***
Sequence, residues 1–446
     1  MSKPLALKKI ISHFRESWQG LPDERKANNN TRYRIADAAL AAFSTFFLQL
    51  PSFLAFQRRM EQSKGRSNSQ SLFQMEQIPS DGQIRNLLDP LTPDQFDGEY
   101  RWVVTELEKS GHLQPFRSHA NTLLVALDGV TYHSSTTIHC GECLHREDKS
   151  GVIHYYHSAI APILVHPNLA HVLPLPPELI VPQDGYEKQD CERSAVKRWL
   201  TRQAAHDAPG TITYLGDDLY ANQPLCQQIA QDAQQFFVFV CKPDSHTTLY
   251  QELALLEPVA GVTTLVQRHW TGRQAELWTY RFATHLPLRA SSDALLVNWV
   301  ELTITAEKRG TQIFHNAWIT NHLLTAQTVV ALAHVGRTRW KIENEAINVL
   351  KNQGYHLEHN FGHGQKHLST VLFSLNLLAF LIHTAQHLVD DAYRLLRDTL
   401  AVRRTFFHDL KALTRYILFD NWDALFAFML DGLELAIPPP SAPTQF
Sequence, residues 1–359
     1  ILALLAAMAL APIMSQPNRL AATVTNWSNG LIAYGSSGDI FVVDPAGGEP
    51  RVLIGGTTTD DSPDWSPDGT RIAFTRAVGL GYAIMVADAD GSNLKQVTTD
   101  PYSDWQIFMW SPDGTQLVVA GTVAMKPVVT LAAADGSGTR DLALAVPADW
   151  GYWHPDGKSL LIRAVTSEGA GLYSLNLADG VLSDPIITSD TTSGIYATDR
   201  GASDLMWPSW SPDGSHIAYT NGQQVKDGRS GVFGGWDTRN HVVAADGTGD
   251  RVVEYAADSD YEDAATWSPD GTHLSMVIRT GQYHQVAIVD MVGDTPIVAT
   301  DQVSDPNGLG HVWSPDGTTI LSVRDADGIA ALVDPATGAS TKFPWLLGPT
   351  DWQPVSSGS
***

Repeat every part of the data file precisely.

Sequence, residues 1–446
     1  MSKPLALKKI ISHFRESWQG LPDERKANNN TRYRIADAAL AAFSTFFLQL
    51  PSFLAFQRRM EQSKGRSNSQ SLFQMEQIPS DGQIRNLLDP LTPDQFDGEY
   101  RWVVTELEKS GHLQPFRSHA NTLLVALDGV TYHSSTTIHC GECLHREDKS
   151  GVIHYYHSAI APILVHPNLA HVLPLPPELI VPQDGYEKQD CERSAVKRWL
   201  TRQAAHDAPG TITYLGDDLY ANQPLCQQIA QDAQQFFVFV CKPDSHTTLY
   251  QELALLEPVA GVTTLVQRHW TGRQAELWTY RFATHLPLRA SSDALLVNWV
   301  ELTITAEKRG TQIFHNAWIT NHLLTAQTVV ALAHVGRTRW KIENEAINVL
   351  KNQGYHLEHN FGHGQKHLST VLFSLNLLAF LIHTAQHLVD DAYRLLRDTL
   401  AVRRTFFHDL KALTRYILFD NWDALFAFML DGLELAIPPP SAPTQF
Sequence, residues 1–359
     1  ILALLAAMAL APIMSQPNRL AATVTNWSNG LIAYGSSGDI FVVDPAGGEP
    51  RVLIGGTTTD DSPDWSPDGT RIAFTRAVGL GYAIMVADAD GSNLKQVTTD
   101  PYSDWQIFMW SPDGTQLVVA GTVAMKPVVT LAAADGSGTR DLALAVPADW
   151  GYWHPDGKSL LIRAVTSEGA GLYSLNLADG VLSDPIITSD TTSGIYATDR
   201  GASDLMWPSW SPDGSHIAYT NGQQVKDGRS GVFGGWDTRN HVVAADGTGD
   251  RVVEYAADSD YEDAATWSPD GTHLSMVIRT GQYHQVAIVD MVGDTPIVAT
   301  DQVSDPNGLG HVWSPDGTTI LSVRDADGIA ALVDPATGAS TKFPWLLGPT
   351  DWQPVSSGS